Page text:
If you’re looking for durable, effective and stylish cookware, you should try hard enamel.
But, what is hard enamel cookware?
Hard enamel cookware is coated with porcelain enamel, which is made by melting the porcelain over aluminum, iron, stainless steel or steel.
But, there’s more to it than just that!
Here I detail what it is, why it’s great and a few things you should be aware of before considering it.
I’ve based my research on my own experience and extensive research. I investigate, so you don’t have to!
Hard Enamel Cookware Properties
The porcelain coating makes the cookware unusually strong with low porosity and a scratch-resistant finish. The non-stick finish won’t peel off, even with daily use rigors, and the color won’t fade.
Cookware can have the hard enamel coating on the exterior and interior, or it can be plain with a non-stick coating on the interior. Hard enamel cookware also comes in a range of colors, designs, shapes and different metal coatings.
Hard Enamel vs Hard Anodized Cookware
Both hard enamel and hard anodized cookware have their advantages and disadvantages, although hard enamel cookware has been around for a lot longer.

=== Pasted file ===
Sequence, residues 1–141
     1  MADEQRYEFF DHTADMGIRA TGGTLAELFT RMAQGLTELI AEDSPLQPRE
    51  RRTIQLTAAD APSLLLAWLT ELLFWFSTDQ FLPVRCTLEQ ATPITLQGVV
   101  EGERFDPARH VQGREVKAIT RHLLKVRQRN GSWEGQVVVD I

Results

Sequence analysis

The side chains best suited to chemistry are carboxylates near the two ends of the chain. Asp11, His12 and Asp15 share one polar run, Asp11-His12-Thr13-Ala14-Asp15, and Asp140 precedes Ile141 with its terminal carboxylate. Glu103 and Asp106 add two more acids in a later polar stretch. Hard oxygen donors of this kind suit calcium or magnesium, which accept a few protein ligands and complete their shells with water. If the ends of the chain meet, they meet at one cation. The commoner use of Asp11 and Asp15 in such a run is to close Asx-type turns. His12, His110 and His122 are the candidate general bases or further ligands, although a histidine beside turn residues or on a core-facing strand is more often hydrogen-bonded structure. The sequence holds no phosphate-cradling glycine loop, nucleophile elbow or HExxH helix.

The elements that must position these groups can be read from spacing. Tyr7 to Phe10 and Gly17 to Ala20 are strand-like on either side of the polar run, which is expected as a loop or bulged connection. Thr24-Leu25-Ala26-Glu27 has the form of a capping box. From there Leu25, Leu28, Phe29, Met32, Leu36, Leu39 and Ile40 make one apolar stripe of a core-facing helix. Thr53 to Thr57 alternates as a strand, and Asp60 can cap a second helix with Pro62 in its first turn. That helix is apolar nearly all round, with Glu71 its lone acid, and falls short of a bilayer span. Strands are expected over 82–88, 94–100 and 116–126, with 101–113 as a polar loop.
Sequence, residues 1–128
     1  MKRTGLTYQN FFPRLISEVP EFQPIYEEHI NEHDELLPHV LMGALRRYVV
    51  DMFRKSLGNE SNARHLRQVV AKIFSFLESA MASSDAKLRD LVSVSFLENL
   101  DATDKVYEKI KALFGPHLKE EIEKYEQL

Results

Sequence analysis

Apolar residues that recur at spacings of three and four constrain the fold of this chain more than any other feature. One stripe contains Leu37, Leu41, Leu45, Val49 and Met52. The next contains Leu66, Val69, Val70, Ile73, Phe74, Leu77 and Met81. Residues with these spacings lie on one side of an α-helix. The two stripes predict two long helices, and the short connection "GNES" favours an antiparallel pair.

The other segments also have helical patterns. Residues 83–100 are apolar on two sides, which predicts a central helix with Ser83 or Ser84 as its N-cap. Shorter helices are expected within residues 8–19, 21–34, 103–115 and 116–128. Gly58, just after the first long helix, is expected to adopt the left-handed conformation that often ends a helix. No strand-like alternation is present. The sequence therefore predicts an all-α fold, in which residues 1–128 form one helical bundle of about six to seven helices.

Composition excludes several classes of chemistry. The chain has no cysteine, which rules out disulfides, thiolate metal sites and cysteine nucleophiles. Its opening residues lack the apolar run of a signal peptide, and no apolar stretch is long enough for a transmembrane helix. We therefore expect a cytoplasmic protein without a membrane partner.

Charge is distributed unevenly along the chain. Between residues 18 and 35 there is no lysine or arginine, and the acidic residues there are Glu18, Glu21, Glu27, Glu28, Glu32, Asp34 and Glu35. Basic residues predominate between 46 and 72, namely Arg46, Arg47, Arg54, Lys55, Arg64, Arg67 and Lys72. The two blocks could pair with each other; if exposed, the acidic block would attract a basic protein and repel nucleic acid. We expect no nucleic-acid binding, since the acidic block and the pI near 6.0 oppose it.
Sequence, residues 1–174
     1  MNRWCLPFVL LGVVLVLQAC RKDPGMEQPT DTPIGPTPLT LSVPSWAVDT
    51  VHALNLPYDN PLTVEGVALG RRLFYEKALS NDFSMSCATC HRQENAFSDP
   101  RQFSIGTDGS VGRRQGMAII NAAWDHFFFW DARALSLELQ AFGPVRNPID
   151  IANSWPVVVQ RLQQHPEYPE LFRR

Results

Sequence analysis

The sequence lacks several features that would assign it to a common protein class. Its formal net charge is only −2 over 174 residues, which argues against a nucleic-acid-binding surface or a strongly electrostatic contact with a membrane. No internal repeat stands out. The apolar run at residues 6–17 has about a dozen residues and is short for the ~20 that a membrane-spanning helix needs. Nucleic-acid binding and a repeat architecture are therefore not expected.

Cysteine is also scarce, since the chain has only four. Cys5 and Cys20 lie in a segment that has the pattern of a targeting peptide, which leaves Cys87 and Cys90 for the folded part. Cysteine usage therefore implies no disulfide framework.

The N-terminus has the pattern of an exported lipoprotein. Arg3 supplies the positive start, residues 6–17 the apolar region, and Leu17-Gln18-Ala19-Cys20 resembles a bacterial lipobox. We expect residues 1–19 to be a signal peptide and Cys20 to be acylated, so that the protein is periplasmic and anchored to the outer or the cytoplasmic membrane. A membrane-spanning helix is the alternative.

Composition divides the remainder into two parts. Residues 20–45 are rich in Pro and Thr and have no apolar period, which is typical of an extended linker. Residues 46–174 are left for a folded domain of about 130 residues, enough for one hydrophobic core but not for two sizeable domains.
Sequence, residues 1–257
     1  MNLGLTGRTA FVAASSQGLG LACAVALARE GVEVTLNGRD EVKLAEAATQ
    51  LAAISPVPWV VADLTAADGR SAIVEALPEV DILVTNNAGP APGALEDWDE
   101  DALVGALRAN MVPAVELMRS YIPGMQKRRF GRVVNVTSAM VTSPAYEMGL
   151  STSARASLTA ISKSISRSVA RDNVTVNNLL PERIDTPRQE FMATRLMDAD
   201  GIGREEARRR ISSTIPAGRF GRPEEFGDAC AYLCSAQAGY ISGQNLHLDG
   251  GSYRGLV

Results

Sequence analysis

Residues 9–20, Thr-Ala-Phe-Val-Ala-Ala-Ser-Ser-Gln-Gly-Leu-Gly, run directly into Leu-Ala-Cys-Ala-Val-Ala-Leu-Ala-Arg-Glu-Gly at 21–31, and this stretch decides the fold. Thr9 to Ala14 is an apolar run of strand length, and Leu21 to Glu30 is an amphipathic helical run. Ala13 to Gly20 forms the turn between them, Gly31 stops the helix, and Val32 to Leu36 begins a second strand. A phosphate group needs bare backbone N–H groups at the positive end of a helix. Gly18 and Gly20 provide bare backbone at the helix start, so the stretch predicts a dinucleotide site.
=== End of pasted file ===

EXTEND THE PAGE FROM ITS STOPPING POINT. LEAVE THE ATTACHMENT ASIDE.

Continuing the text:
Both sets of cookware are normally not sticky, easy to clean, and can withstand high temperatures without the material leaching. They’re also both made without any harmful toxins.
Be warned, though—hard anodized cookware is non-stick because it normally has a coating that may contain Polytetrafluoroethylene (PTFE), the active ingredient of Teflon. Since hard enamel cookware is naturally non-stick, it should be free of any suspect chemicals.
Also, unlike hard enamel cookware made of different materials, hard anodized cookware can be made only from aluminum.
If it isn’t coated or painted, hard anodized cookware will be a natural gray. Hard enamel cookware is renowned for coming in a beautiful range of colors.
Enamel vs Ceramic Cookware
Traditional ceramic cookware is baked in a kiln at low temperatures and is then glazed. It can also be simply a ceramic coating over cookware.